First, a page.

Silver Armor

On a Saturday in December 2019, the NYC Urban Sketchers sketched at the “The Last Knight: The Art, Armor, and Ambition of Maximilian I ” exhibit at The Metropolitan Museum. I was overwhelmed by the sure quantity of silver on display. It was displayed in a gallery that had been painted dark grey, and each piece was illuminated with a strong halogen light. The result was that the highly polished silver reflected so much light that it appeared white. And every thing else in the room faded into darkness. I could swear that the cones on my retina that are supposed to see color were temporarily paralyzed. Everything in this exhibit was either black or white. The piece of armor that I sketched was a piece given by Maximilian to King Henry VIII for a horse. It was displayed on a horse manikin. The exhibit was impressive for the sure amount of silver armor commissioned by one individual and the fascinating history that was included in the typed descriptions of the armor pieces. Maximilian was not a royal but he wielded considerable power through his relationships with kings. The Metropolitan’s regular armor display has more variety and is more fun to sketch, but this exhibit was impressive and intriguing because it was displayed so differently from the regular armor collection.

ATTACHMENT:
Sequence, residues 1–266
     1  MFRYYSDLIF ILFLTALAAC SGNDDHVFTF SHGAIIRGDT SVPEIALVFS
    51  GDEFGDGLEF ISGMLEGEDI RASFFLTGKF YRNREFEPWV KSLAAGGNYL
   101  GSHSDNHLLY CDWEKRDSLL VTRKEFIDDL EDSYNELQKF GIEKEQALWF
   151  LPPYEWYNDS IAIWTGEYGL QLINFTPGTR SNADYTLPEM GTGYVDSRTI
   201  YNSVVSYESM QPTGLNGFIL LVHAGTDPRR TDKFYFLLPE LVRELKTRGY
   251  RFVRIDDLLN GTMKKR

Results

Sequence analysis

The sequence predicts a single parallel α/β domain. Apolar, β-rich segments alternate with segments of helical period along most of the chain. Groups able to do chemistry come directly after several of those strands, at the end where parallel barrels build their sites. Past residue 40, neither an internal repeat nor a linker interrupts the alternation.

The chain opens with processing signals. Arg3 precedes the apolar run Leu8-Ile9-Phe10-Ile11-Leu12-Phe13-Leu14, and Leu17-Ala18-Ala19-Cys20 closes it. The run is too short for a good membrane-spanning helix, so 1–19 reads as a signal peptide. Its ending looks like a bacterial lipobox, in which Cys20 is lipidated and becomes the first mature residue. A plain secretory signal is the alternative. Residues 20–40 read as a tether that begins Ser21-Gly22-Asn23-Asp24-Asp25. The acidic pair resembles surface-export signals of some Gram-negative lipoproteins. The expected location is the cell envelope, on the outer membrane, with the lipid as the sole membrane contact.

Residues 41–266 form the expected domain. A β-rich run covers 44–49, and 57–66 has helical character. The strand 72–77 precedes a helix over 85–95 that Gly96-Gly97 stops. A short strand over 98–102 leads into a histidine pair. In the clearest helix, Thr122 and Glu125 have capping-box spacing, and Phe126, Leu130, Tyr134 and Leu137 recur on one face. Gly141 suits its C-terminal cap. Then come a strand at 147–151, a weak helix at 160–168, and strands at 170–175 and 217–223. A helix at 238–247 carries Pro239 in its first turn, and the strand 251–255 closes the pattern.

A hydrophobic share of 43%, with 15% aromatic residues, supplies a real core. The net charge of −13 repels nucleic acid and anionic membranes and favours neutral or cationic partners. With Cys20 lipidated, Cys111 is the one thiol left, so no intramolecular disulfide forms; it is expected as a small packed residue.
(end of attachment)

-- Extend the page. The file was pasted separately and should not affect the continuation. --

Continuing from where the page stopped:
I was so struck by the “black and white” reality that the gallery created, that I initially drew this picture using only black and grey ink pens combined with grey and white chalk pencils. And I drew it on a grey paper that matched the grey paint on the gallery walls. Later I decided, to add color — not to the armor, but to the items around it, so as to emphasize the stark appearance of the silver.

There is a review of this exhibit, in the New York Times on October 25, 2019. Link

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